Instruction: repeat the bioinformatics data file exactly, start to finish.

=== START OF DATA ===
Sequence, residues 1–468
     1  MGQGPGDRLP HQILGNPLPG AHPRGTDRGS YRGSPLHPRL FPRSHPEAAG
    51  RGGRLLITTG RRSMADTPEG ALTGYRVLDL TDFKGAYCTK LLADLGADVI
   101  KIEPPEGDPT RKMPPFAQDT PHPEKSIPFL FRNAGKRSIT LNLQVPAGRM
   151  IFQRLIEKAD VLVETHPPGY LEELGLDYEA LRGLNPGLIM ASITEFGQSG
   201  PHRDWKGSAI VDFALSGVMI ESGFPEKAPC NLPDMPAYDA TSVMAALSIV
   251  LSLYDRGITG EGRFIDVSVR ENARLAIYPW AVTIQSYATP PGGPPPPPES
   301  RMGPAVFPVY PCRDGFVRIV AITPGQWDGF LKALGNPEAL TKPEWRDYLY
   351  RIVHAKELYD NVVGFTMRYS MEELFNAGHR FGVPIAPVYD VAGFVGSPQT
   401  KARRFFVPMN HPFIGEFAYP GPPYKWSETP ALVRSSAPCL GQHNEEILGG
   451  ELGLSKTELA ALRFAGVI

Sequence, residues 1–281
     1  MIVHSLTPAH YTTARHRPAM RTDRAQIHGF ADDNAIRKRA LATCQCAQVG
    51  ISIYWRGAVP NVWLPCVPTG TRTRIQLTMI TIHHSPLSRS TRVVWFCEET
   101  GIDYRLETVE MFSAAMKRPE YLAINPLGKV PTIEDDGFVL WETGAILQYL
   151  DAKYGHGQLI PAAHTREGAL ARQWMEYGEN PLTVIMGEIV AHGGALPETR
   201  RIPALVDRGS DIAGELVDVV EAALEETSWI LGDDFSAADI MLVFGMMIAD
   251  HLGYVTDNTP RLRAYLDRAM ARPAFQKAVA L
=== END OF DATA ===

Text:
Sequence, residues 1–468
     1  MGQGPGDRLP HQILGNPLPG AHPRGTDRGS YRGSPLHPRL FPRSHPEAAG
    51  RGGRLLITTG RRSMADTPEG ALTGYRVLDL TDFKGAYCTK LLADLGADVI
   101  KIEPPEGDPT RKMPPFAQDT PHPEKSIPFL FRNAGKRSIT LNLQVPAGRM
   151  IFQRLIEKAD VLVETHPPGY LEELGLDYEA LRGLNPGLIM ASITEFGQSG
   201  PHRDWKGSAI VDFALSGVMI ESGFPEKAPC NLPDMPAYDA TSVMAALSIV
   251  LSLYDRGITG EGRFIDVSVR ENARLAIYPW AVTIQSYATP PGGPPPPPES
   301  RMGPAVFPVY PCRDGFVRIV AITPGQWDGF LKALGNPEAL TKPEWRDYLY
   351  RIVHAKELYD NVVGFTMRYS MEELFNAGHR FGVPIAPVYD VAGFVGSPQT
   401  KARRFFVPMN HPFIGEFAYP GPPYKWSETP ALVRSSAPCL GQHNEEILGG
   451  ELGLSKTELA ALRFAGVI

Sequence, residues 1–281
     1  MIVHSLTPAH YTTARHRPAM RTDRAQIHGF ADDNAIRKRA LATCQCAQVG
    51  ISIYWRGAVP NVWLPCVPTG TRTRIQLTMI TIHHSPLSRS TRVVWFCEET
   101  GIDYRLETVE MFSAAMKRPE YLAINPLGKV PTIEDDGFVL WETGAILQYL
   151  DAKYGHGQLI PAAHTREGAL ARQWMEYGEN PLTVIMGEIV AHGGALPETR
   201  RIPALVDRGS DIAGELVDVV EAALEETSWI LGDDFSAADI MLVFGMMIAD
   251  HLGYVTDNTP RLRAYLDRAM ARPAFQKAVA L